Hedging Laurel In Pots
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Common Or Cherry Laurel
Common or cherry laurel has been a staple of the English garden for centuries. The large leaved and versatile evergreen is a good way of providing the backdrop/ windbreak so that more delicate species can thrive. Laurel is very hardy and can be pruned back hard- thrives in wide variety of situations.
Planting Instructions For Root Ball Laurel Hedge.
First thing to remember is to leave the hessian / wire root ball on the plant – this is to protect the plant to thrive without the root system being disturbed.
Dig a trench so that when plant is placed it forms a slight basin to allow the water to run in. Loosen the soil at the bottom of the trench and scoop out the bottom three inches/ 75mm and replace with multipurpose compost. Sprinkle a handful of bone meal on top of the dugout trench at the point where the root balls meet the bottom of the trench. Back fill making sure that the soil ground level is slightly above the soil level of the top of the root ball.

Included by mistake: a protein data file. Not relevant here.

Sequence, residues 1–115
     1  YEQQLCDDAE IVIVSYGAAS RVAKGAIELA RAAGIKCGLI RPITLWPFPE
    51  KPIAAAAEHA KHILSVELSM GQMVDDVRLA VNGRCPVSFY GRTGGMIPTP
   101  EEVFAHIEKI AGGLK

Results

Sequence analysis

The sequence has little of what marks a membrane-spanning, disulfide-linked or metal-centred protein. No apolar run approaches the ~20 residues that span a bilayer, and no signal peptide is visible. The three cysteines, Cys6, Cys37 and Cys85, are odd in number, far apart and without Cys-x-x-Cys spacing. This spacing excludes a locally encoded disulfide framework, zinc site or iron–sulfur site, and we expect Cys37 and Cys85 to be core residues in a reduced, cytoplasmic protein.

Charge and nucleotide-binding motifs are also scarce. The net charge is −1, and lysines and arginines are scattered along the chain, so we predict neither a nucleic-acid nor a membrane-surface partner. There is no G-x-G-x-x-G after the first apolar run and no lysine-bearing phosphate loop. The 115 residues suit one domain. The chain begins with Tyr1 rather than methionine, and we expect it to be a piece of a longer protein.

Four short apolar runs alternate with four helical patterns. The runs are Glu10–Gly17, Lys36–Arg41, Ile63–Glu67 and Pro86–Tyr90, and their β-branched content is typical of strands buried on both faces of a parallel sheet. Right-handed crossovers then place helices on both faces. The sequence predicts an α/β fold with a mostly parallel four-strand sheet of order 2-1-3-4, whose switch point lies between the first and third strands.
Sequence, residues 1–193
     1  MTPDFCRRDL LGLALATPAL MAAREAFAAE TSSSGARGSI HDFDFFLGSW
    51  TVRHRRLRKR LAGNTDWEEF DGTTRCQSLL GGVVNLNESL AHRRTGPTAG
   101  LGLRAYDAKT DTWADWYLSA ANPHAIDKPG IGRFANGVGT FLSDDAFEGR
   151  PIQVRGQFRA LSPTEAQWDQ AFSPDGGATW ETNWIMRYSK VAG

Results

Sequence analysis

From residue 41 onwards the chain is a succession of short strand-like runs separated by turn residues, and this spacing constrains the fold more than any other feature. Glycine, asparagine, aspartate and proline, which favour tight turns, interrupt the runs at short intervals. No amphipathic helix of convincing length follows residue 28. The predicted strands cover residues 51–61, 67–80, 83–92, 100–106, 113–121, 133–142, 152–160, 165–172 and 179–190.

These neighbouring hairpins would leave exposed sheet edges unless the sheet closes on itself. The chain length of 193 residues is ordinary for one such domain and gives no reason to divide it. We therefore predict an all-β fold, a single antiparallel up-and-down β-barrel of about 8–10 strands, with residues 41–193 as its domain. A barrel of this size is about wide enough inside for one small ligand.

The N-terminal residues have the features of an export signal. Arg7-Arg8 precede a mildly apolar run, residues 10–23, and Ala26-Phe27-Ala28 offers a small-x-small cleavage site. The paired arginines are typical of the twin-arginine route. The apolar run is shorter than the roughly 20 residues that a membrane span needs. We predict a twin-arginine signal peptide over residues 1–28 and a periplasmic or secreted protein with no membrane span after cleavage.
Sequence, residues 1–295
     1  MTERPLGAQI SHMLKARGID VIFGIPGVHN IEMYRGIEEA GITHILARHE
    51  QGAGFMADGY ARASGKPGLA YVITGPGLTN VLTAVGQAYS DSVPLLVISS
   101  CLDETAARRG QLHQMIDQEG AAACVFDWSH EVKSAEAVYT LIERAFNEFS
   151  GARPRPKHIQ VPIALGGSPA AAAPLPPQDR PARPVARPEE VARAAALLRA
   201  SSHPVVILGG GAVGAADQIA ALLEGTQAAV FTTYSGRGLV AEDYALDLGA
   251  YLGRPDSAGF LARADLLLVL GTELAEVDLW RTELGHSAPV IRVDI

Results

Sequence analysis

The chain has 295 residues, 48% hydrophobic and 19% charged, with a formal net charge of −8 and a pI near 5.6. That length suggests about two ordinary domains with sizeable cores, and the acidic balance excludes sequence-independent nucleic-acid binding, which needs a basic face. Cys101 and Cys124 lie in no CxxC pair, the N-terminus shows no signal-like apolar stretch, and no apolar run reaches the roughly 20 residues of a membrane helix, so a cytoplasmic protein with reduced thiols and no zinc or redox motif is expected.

Water each day unless it has rained heavily for at least the first season. Prune back years growth in May and again in September if required.
80-100cm (2.5-3 feet) 2 PER METER
100-125cm (3-4 feet) 1.5PM (65CM CENTRE)
125-150cm (4-5 feet) 1.5PM
150-175cm (5.5 to 6 feet) 1.2PM (80CM CENTRE)
175-200cm (6 feet to 6 ¾ feet) 1.2PM
200-2.25cm (6 ¾ feet to 7 feet 3”) 1 PER METER
2.5-3cm (8 feet to 10 feet) 1 PER METER
EXAMPLE 50 METER (150 FEET) GARDEN =75 laurels at 1.25 To 1.5 Meter required
EVERGREEN OR DECIDUOUS: evergreen
GROWTH HEIGHT WIDTH TIME 20 ft X 20 ft IN 20 YEARS HEIGHT PER YEAR :60CM OR 2 FEET
PRUNE back years growth in May and again in September if required.
LIGHT: full sun or partial shade
ASPECT north south east west
MOSITURE: moist well drained
SOIL: Chalk Loam sand Clay
PH: acid or neutral